Leadership in “Remember the Titans” film
Leadership is not only important but the most talked-about concept in society today as it determines or influences the success of groups, teams, institutions, or organizations. Of course, people’s primary focus is on how to achieve and exhibit effective leadership in the mentioned contexts. Effective leadership is marked by characteristics such as risk-taking, self-control, caring, motivation, clear communication, vision, and dedication. The Three-Dimensional Model of leadership states that a leader, no matter the context, should exhibit public, private, and personal leadership. Public leadership is when a leader showcases behaviors involved in influencing two or more people simultaneously whereas private leadership is when a leader showcases behaviors needed to select and influence individuals one to one. Personal leadership, on the other hand, concerns more of a leader’s inner level, leadership presence, skills, beliefs, knowhow, unconscious habits, and emotions. In this case, the focus is on the film “Remember the Titans” because it portrays the aspects of leadership mentioned above.
A famous leadership statement from the film “Remember the Titans” is that of “Attitude reflects leadership.” This statement means that the attitude exhibited by followers is dependent on that of their leaders. In other words, a good or bad attitude comes from those at the top to those in lower positions in an organization, group, or team. Essentially, if the captain of the school team has a bad day, then all members of the team, inevitably, will be having a bad day. For this reason, it is required that leaders must keep their wits and exhibit positive attitudes to ensure that their followers follow suit.
In the film, three key leaders can be identified: Herman Boone, Bill Yoast, and Gerry Bertier. Herman Boone is picked as a leader because he was the new coach of the school’s football team, and thus had the responsibility of coaching and preparing the team for competitions. These responsibilities can only be executed by a person in a leadership position; this being the key reason Boone was hired. Bill Yoast’ selection as a leader is based on the fact that he was the current coach of the school team, and thus, had the responsibilities of making key decisions on the team. Despite Yoast’s demotion to an assistant coach’s position, he remains a leader because he has influence over the white players forming part of the team. His stature as a leader is cemented by the fact that his initial refusal to become an assistant coach sees white players pledge to boycott the team. However, he takes the job and plays a defensive coordination role under Boone meaning that he is still a leader in the school team. Gerry Bertier is selected as a leader given his position as the captain of the school team. In this position, Bertier could make key decisions on behalf of his teammates both in and out of the field. After an accident, Bertier becomes paralyzed and he becomes a leader and an inspiration to Virginia’s handicapped community. Boone exhibits all three dimensions of public, private, and private leadership. He influences the team to embrace togetherness and abandon racism and discrimination. At an individual level, Boone influences Yoast who later abandons his personal ambitions of being inducted into the Hall of Fame and fights for the success of the team. Most importantly his private leadership is highlighted by his knowhow, skills, leadership presence, and unconscious habits that lead to the team’s success over the long term. These perspectives put together; Boone is both a task-oriented and transformational leader. In his position, Yoast showcases public leadership as he influences white players to participate in the school team’s activities. Yoast is a transformational leader because he works closely with Boone and the players to achieve the goals of the team. On his part, Bertier is a task-oriented, because after the Boone’s forceful coaching, rigorous training, and emphasis on togetherness, Bertier does everything possible, including addressing racially motivated conflicts at their football camp to ensure that the team achieves set goals and objectives. The fact that Bertier works closely and influences other team members and the handicapped community in Virginia highlights his public leadership capability.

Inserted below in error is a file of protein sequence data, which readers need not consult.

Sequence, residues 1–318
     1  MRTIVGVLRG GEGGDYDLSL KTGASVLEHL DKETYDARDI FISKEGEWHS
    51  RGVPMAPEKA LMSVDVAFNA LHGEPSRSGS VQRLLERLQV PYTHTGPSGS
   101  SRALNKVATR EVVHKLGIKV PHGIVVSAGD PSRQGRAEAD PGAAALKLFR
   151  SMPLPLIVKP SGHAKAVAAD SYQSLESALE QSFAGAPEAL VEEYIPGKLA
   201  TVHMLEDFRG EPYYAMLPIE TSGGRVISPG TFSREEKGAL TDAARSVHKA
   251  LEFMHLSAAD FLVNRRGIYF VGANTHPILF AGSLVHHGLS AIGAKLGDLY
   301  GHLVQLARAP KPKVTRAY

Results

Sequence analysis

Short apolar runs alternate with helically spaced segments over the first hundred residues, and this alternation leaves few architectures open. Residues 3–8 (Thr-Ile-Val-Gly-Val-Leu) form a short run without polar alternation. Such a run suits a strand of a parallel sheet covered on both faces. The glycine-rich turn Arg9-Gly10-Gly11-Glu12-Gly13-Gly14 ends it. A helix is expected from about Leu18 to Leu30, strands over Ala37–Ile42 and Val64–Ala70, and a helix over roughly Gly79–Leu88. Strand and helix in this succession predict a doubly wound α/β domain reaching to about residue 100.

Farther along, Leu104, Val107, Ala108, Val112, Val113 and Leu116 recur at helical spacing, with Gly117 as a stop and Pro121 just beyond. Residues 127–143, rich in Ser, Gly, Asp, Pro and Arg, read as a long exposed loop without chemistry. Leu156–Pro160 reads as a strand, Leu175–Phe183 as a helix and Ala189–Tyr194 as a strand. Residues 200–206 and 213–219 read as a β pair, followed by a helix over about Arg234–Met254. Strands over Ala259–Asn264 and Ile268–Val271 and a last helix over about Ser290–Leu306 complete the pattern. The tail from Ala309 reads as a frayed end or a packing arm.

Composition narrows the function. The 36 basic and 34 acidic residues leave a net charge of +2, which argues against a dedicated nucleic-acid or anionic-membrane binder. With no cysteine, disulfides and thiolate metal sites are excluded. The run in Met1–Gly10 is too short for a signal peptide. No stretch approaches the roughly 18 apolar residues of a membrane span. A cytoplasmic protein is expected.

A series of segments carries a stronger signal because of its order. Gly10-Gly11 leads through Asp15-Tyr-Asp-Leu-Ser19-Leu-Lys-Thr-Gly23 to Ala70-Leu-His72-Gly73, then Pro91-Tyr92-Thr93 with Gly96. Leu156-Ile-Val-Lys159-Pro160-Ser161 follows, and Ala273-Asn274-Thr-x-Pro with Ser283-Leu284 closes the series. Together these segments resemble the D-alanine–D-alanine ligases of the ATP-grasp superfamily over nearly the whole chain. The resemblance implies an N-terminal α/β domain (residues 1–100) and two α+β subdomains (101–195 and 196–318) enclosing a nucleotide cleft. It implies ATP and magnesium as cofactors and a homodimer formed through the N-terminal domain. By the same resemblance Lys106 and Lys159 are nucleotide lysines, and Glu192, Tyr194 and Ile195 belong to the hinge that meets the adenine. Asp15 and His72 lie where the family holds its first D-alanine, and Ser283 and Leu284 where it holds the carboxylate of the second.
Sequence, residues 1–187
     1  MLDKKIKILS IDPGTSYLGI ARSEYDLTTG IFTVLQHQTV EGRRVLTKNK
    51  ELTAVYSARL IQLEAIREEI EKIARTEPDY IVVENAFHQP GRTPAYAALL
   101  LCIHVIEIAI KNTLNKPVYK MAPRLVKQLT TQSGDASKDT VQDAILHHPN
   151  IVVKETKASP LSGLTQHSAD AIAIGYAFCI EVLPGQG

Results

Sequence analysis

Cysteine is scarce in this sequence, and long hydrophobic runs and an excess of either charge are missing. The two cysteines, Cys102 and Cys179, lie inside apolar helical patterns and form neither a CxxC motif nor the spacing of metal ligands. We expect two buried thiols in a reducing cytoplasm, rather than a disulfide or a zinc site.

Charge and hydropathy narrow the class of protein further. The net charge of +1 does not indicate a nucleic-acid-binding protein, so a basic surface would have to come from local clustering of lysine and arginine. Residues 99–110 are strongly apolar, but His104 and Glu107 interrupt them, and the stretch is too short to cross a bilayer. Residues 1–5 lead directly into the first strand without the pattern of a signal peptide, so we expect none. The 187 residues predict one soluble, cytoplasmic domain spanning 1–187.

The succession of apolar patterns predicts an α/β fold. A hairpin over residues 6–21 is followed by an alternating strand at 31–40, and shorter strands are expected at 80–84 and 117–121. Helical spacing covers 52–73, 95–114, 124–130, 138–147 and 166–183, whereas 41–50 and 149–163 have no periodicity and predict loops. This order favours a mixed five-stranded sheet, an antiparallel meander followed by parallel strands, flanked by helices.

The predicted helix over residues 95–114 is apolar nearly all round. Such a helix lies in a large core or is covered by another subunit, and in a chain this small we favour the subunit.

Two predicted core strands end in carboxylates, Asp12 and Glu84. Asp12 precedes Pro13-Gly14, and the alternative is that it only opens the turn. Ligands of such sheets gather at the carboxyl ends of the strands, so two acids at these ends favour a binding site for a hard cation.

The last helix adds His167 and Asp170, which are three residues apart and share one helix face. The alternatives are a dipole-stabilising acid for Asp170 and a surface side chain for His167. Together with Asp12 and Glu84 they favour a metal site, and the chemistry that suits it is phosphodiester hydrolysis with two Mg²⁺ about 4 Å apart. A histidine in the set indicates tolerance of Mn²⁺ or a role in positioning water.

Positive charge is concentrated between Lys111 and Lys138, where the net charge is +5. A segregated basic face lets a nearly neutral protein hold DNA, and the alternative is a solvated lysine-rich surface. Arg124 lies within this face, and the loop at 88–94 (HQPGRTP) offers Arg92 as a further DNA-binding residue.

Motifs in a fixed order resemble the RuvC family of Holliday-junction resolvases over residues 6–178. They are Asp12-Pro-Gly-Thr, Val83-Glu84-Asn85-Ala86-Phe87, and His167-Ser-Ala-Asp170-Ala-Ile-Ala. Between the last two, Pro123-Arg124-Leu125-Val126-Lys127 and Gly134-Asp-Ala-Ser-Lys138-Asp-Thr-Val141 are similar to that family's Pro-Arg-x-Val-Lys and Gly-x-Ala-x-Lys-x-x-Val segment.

The followers in this film are the members of the school team, and one of them is Julius Campbell. The selection of Julius Campbell and other members of the school team is based on the fact that they followed instructions of Boone and Yoast and underwent forceful coaching and rigorous athletic training conducted by Boone, identified above as a leader of the school football team. As a follower, Julius Campbell is enthusiastic, intelligent, and ambitious, and this is why he was later named to the 1971 all-American team. Campbell is a perfect example of a conformist follower because he does not disagree with the instructions given by Boone and Yoast, and at some point, he addressed the conflict between him and Bertier for the sake of harmony and the team’s success.
The situation in the movie is that there is effective leadership. The mentioned leaders, Boone, Yoast, and Bertier, showcase transformational and task-oriented leadership that play an integral role in the achievement of the team’s success. The success of the school team in the championships can be attributed to the effective leadership in place. An effective following is showcased by individuals such as Julius Campbell, who make significant contributions and conformingly follow the coaches’ and captain’s instructions.